And then I could write a long diatribe where I try to explain how it feels as if there’s this big, gloomy, moping, dog that sits around keeping me stuck in the down-turn. And eventually that dog gets bored and I can convince it to go away. And, honestly, it’s a stupid metaphor. Except for the fact that here I am, stuck writing some lousy metaphor, making me hate writing this, which — it turns out — is exactly the sort of perfect metaphor for feeling lousy when I’m stuck in a down-turn…
I’m going for a walk.
Just the tiniest little stroll.
Walking invariably loosens up my mind. Sometimes it takes days of doing nothing interspersed with some walking before I see the light at the end of the tunnel. Soon, I find I have at least a few things on my mind that need to be unloaded. When I hear that quiet calling, I write whatever-it-is into my journal. Writing things down — moods, worries, plans, ideas — unjumbles my mind. So I record my thoughts as inspiration for future projects, and as reminders to expect future down-turns.
Eventually, I simply find the thought of working on something might actually be fun. At which point I realize I’m headed back towards the next up-turn.
When things go badly, relax; It will not last.
When things go well, relax; It will not last.
Always focus on how far you’ve come,
rather than how far you have to go.
There’s a TON of work goes into each episode. This is the full transcript of a raw interview, marked up. From this we create a cue sheet for the audio engineer. The markings are notes for cutting, and sound cleanup/repairs. #behindthescenes
If you don’t stick to your values when they’re being tested, they’re not values: They’re hobbies.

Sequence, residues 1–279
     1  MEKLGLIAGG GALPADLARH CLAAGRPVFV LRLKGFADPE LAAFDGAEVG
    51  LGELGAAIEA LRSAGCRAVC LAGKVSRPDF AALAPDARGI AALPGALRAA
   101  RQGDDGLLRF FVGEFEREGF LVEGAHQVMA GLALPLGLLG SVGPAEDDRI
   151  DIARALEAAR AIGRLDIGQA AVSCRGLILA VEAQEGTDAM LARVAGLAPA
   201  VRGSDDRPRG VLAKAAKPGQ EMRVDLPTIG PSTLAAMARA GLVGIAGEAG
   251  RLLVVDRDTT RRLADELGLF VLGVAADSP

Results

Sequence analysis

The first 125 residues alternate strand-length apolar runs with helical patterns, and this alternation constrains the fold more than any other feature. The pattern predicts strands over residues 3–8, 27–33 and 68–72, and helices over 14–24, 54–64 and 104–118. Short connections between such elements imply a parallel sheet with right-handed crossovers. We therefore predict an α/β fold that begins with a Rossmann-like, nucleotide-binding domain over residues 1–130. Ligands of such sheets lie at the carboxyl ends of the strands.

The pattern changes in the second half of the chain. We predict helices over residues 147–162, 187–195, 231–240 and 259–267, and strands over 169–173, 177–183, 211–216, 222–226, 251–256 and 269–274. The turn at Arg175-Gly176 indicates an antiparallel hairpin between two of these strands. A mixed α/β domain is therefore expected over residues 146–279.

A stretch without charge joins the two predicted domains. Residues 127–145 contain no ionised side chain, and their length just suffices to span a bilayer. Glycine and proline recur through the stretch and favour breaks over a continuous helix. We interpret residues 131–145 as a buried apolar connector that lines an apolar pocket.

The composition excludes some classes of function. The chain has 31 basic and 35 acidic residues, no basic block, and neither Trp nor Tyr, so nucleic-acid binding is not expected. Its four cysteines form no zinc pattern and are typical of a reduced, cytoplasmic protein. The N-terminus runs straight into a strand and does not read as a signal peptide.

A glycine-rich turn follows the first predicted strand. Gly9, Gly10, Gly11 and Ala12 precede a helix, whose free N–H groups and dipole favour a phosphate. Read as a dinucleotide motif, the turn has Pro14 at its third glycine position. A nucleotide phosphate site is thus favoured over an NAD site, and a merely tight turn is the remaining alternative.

What shall I find?
It’s funny, I thought, if you could hear me, I could hang on, somehow. Silly me. Silly old Doctor. When you wake up, you’ll have a mum and dad, and you won’t even remember me. Well, you’ll remember me a little. I’ll be a story in your head. But that’s OK: we’re all stories, in the end. Just make it a good one, eh?
~ Doctor Who
When I travel, I am writing my story.
I am not travelling in search of something.
I am not travelling to escape.
I am not travelling as a search for fulfillment.
I am not lacking some key experience that I can only find by travelling.
What shall I find? …nothing in particular. And then I’m free to find everything.
What shall I experience?
Travel is fatal to prejudice, bigotry, and narrow-mindedness, and many of our people need it sorely on these accounts. Broad, wholesome, charitable views of men and things cannot be acquired by vegetating in one little corner of the earth all one’s lifetime.
~ Mark Twain
I travel because I want to meet new people. I want to learn about their culture, their ideas, their hopes, dreams and passions, their way of thinking, their language, their ancestors, and their philosophy.
I travel because I want to see things. The world — all of it, near and far — is an amazing place. I want to see new vistas, new architecture, new mountains, new valleys, new weather, new plants, new animals, and new art.
I travel because, in the end, I am just a story. There’s no finish line, no definition of “having arrived”, “having suceeded”, or “having it all”. Hearses do not have luggage racks. I am not taking anything with me. I can spend my days sitting at home, collecting and counting and organizing my things, toiling to create a pocket of order in the chaos of the universe. Only, I remain absolutely certain that everything I collect, create, organize, build, and buy will not matter to me in the end.
In the end, I am just a story. And I’d very much like to enjoy the writing of it.
I can accept failure, but I cannot accept not trying.